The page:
Ways to Avoid Winter Injuries

Portrait of happy mother and children together in snow on a coldIt’s that time of year again when winter is right around the corner! A time when people, especially kids on winter break, visit ski resorts or just hang out with their friends playing in the snow. If you’re part of the 30% who exercise or participate in sports, as fun as it is, there are a few things you need to do to avoid winter injuries.


Try to stay active year round (i.e. walking, yoga, aerobics, jogging, swimming) to help condition your muscles, and wear proper shoes to avoid a seasonal injury. Most winter sports injuries can be prevented with good planning and use of properly maintained equipment.


You should also train outdoors so that your body can adapt to weather. All training before any physical activity should include a warm up to avoid injury. Pre and post exercise stretching can be done in 5-10 minutes. Done properly, stretching gives you flexibility by increasing the length of your muscles and tendons. Stretching can also increase your range of motion, which will allow your limbs and joints the ability to move further and prevent injury.


For an outdoor activity, like skiing, you should get cleared by your doctor, especially if you have circulation problems. Your hands and feet are very sensitive to the cold so you want to be sure that you protect them. Also wear a helmet if skiing or snowboarding to prevent head injuries. According to Kids Health, “more and more emergency rooms are treating youth with abdominal, head, and neck injuries from snowboarding, particularly from running into trees or boulders. Frostbite remains a looming wintertime threat, especially for those who spend a lot of time outside playing in the snow.”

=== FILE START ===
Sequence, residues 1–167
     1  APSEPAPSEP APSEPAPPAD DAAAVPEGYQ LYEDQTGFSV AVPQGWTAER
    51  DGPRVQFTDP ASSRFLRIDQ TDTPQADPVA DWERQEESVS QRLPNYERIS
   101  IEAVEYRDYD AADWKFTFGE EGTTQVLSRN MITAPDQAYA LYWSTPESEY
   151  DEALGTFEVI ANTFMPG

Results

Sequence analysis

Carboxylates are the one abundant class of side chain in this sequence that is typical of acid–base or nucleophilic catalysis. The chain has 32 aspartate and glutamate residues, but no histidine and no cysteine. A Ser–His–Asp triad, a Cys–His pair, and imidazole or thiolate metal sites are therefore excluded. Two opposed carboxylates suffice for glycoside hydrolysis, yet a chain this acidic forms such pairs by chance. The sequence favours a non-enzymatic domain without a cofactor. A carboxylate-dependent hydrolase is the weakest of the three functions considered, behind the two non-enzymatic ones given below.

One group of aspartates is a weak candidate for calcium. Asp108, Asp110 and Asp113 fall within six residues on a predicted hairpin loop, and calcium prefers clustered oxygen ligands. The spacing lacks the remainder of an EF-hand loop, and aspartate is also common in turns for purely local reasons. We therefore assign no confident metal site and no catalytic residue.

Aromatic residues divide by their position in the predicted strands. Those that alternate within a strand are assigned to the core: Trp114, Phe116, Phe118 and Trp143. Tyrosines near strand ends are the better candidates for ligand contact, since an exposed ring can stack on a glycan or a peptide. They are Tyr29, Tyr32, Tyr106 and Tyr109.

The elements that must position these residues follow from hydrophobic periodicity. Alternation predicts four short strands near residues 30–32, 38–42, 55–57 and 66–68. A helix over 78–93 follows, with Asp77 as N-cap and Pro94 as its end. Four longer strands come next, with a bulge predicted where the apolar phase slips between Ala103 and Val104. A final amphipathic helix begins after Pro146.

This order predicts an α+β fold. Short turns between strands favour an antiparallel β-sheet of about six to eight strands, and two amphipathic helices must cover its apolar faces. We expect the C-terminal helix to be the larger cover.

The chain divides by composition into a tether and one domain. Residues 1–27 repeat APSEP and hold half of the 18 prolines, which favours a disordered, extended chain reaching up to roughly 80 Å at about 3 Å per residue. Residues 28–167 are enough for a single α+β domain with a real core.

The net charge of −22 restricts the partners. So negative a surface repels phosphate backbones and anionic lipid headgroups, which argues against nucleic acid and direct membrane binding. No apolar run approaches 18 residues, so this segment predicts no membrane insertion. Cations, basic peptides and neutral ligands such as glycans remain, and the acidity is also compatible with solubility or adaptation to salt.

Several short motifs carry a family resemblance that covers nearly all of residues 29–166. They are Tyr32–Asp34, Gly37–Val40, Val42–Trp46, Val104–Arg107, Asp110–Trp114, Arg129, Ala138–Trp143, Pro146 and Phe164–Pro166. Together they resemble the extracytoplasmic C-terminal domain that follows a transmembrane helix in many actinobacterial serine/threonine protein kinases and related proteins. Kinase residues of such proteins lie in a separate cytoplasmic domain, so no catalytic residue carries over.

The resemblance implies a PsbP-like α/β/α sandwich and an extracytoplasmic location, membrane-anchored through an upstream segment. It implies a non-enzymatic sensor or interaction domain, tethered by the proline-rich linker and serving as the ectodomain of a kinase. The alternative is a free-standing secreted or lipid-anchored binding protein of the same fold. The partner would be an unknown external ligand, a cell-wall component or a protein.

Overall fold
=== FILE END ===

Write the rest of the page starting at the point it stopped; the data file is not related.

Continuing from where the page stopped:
Some other things you should do to prepare and plan to prevent winter injuries include:

  • Wear insulated shoes with a good rubber tread to provide traction as you come in contact with snow and ice.
  • Consume a regular diet with the recommended daily allowance of calcium and vitamin D (i.e. 1,000 mg of calcium for adults up to age 50, and 1,200mg of calcium per day for adults over age 50) to help keep your bones strong.
  • Avoid high risk activities and quick movements that could cause a fall.
  • Always use good posture, and perform exercises that will help your balance and coordination.
  • Always wear gloves and a hat to avoid frostbite.
  • Wear waterproof, insulated shoes that fit properly. If the footwear is too tight it could result in blisters, bunions, or poor circulation.
  • Stay hydrated. Avoid drinking alcohol, which can make you dehydrate quicker.
  • Keep snacks available for energy.

Written by: Jamacia Magee, FizzNiche Staff Writer

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